A couple years ago at TMC15 I got a sneak peek at Desmos Activity Builder. At the time it was fairly limited but there was a lot of promise. At the time of its introduction I wasn't sure I could make use of it and that proved true. I didn't have access to enough devices and the iPads I did have were aging quickly and becoming a pain to manage. I attempted one of the first Marbleslide activities in early 2016 and the hardware just croaked.

Fast forward a bit and now I have access to a fleet of Chromebooks. The number of students who can bring a device from home has increased dramatically. iPad hardware in particularly has accelerated so rapidly in recent years that the struggle I saw before is gone.

I experimented with a few use cases this year, just to see what there was to see.

Match Me

Started simple. I took an activity I had done previously where students had various graphs on paper and had to recreate the pictures in Desmos. It looked like this:

Not bad, worked pretty well for a couple years. With Activity Builder I could work through the same idea but get students to add more detail and learn a bit more about the functions of the calculator.

Students could more in the matching realm, in this case finding a sin and cos function that matched the black line. Eventually they could create projects that included center lines, amplitude markers, etc.

Pretty good. Being able to build more complex prompts let more students know more fiddly details about the calculator. I liked that a lot.

Assessment

I used Google Forms quite a bit this year, and realized (well ok, Dan nudged me) that Activity Builder can be used to gather the same kind of information, though one screen at a time. Bonus, it understand math notation natively. I experimented on Calculus and used sketching screens for part of their final exam.

Sketching with the sub-par Chromebook trackpads isn't the best, but that can be remedied with some cheap wired mice. Pretty cool to see 89 sketches on top of each other.

I also used it for a two-fold assessment. Students were given access to a saved calculator with a bunch of regions on it, they had to determine expressions for the area or volume of that region, and then enter it in a separate Activity Builder.

Also cool. I really appreciate the detail that has gone into the teacher dashboard screen. Though there is room for improvement. Examining student responses screen by screen wound up being a little tedious here. Though I'm not sure a spreadsheet generated by a Google Form would've been any more efficient.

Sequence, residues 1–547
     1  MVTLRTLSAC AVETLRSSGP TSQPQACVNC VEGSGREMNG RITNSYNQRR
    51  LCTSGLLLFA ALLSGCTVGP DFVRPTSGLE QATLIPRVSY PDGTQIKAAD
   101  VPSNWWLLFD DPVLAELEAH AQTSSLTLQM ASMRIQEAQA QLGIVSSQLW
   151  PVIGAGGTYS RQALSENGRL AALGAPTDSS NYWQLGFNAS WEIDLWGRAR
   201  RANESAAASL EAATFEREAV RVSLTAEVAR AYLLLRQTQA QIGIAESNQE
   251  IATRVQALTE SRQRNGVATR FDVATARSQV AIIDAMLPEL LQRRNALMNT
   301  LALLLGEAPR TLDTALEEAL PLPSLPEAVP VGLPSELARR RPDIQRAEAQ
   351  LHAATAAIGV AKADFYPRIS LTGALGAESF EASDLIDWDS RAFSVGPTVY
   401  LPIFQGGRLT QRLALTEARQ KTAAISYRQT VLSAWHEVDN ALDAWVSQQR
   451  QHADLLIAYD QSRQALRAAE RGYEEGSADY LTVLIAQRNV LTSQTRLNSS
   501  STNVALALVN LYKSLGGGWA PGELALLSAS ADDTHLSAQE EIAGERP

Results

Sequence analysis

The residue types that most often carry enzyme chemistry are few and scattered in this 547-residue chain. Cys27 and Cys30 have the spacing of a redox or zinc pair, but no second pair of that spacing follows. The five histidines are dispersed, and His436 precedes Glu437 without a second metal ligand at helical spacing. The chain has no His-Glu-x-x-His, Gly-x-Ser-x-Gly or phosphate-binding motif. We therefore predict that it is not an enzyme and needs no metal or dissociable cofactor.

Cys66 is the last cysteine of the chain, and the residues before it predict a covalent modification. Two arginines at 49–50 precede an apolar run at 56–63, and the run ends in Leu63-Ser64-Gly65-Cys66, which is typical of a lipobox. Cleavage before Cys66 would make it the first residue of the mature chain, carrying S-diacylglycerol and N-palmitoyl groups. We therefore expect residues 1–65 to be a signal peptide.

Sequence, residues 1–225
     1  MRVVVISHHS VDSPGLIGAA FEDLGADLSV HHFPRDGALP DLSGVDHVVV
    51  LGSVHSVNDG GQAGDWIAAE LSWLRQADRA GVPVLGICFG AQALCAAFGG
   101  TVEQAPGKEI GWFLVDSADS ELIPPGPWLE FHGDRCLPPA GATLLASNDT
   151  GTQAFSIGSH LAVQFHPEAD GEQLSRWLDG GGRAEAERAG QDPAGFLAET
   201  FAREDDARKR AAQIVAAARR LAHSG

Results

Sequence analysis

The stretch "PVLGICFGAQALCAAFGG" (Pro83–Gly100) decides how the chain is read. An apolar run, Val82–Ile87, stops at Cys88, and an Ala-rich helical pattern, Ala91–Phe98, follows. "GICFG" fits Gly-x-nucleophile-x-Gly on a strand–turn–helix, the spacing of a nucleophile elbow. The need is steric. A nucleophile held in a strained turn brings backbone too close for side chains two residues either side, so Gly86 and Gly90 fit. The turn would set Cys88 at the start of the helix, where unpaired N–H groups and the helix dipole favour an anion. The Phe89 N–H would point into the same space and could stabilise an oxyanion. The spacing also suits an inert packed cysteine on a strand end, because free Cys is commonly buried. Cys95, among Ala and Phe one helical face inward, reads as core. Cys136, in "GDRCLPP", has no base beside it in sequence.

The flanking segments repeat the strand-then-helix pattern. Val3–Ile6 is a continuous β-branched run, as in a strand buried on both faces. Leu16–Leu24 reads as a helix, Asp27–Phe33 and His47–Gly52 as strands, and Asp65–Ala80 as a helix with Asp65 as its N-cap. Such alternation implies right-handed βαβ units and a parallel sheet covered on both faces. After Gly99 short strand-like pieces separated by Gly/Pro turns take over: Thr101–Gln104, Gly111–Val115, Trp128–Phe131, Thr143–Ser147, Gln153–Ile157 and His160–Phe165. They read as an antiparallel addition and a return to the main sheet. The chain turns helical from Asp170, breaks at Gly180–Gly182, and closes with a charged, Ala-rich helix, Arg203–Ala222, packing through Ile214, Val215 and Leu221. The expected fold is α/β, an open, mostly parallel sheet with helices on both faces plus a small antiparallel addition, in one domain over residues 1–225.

Going Further

I really liked what I learned using Activity Builder this year. Though Dylan Kane and others dropped some quality thought bombs on the subject. There can be a lot of silence while students work through these. Instant gratification may not lead to the most genuine student guesses. A subset of students may just hammer away at parameters until it works. I tried to counter the idea by requiring explanations after students had a chance to experiment. I think it helped a bit. Though Dylan's Conics activity is really something. You get no idea what your submission looks like until hitting a button.

There's a lot to think about here. The challenge of drawing a circle around a subset of dots is just brilliant. I need to bring more of this to the way I design activities.

Conclusion

Really excited to see how this evolves over the next year. There has been a lot of effort put into the feature and it's impressive how far it has come since I first saw it. Desmos curated activities are top notch. I think Activity of the Year should go to Jennifer Vadnais and her mini-golf game:

I know the intended audience is a younger crowd, but I had plenty of juniors and seniors cursing this thing. Bravo.

Posted
AuthorJonathan Claydon